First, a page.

“I had an Aeronca Sedan airplane,” Gordon says. “I could get Rose and the kids out to the camp in one trip and then I could easily take two fishermen on another.”
When the fishing lodge was sold, they were granted a hunting concession and Yukon Hunting Unlimited was born. They ran that business until 1982.
“I can’t imagine now how we did so much,” Rose says. “I had six kids, did all the paperwork and bookings for the hunts and we farmed.”
They also carved out a hay farm and a market garden from the bush, growing hay for the horses used on the hunting trips, as well as vegetables for sale.
“And chickens,” Rose reminds herself. “I had 1,200 chickens and was getting about 800 eggs a day. I supplied Cantung and Cassiar mines with eggs, the local grocery store, and friends and neighbours.”
Gordon went back to trapping in 1978, accompanied by their youngest child, Jamie, and in 1985 it was Rose who went with him.
“The kids were grown and gone,” Gordon says. “We would farm and then trap, and every year we took three months to go skiing.”
The farm was sold in 1992 and a few years later the couple began to spend three of the winter months in the Bahamas. “We don’t golf or snorkel; we just take long walks and enjoy the sun,” he says.
A few years ago Gordon developed a medical problem that made life on the trapline entirely too risky an endeavour, even for a couple who made a lifestyle of risk and adventure. The trapline was sold in 2008 and is still mourned.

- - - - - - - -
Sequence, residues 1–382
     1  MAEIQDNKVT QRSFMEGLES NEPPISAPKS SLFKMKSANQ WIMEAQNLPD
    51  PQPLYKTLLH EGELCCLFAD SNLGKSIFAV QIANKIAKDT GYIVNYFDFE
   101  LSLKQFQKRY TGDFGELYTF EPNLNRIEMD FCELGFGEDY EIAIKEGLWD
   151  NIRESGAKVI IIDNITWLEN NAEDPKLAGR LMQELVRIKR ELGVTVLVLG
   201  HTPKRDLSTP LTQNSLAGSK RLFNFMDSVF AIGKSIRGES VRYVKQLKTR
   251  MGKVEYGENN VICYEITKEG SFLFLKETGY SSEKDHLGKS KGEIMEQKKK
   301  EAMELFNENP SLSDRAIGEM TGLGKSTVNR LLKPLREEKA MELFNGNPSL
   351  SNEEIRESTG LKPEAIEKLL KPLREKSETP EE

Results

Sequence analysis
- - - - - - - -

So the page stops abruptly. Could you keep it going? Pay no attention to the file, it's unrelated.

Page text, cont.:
They agree that those trapline years were the best of all the good years.
“It was the happiest of times together,” Gordon says. “And that is in lots of years of happy and good times. We were lucky to do what we wanted to do – hard as it was, it just doesn’t feel like work when you love what you do.”
In 2004, Rose began to write, using her trapline journals to document those happy years for their children. It took two years and three books to record, for posterity, a time of peace and comfort.
“One of the best things about that lifestyle is that you talk to one another,” Rose says. “We didn’t have TV or a computer; we would talk. In all our years together, this was when we had the best conversations with one another.”
They may not be living on a trapline, but nothing seems to really slow them down. Touring the extensive flower gardens, terraced down the back of the property, Rose talks of plans to extend them next year.
There are carrots, tomatoes and potatoes growing as well, and an enormous, very tall, raspberry patch. The latter yielded 11 ice cream buckets of berries last year, Rose reports with a justifiable pride.
In their 80s, this couple present a good argument for a life spent outdoors; they are both fit, and look years younger than their ages, with a spirit and energy that are delightful to be around.
How could they be otherwise? A lifetime of daring and resourcefulness doing exactly what one wants to be doing, in partnership with the person with whom one is sharing an enduring romance – we should all be so lucky.
Tor Forsberg is a freelance writer
who lives in Watson Lake.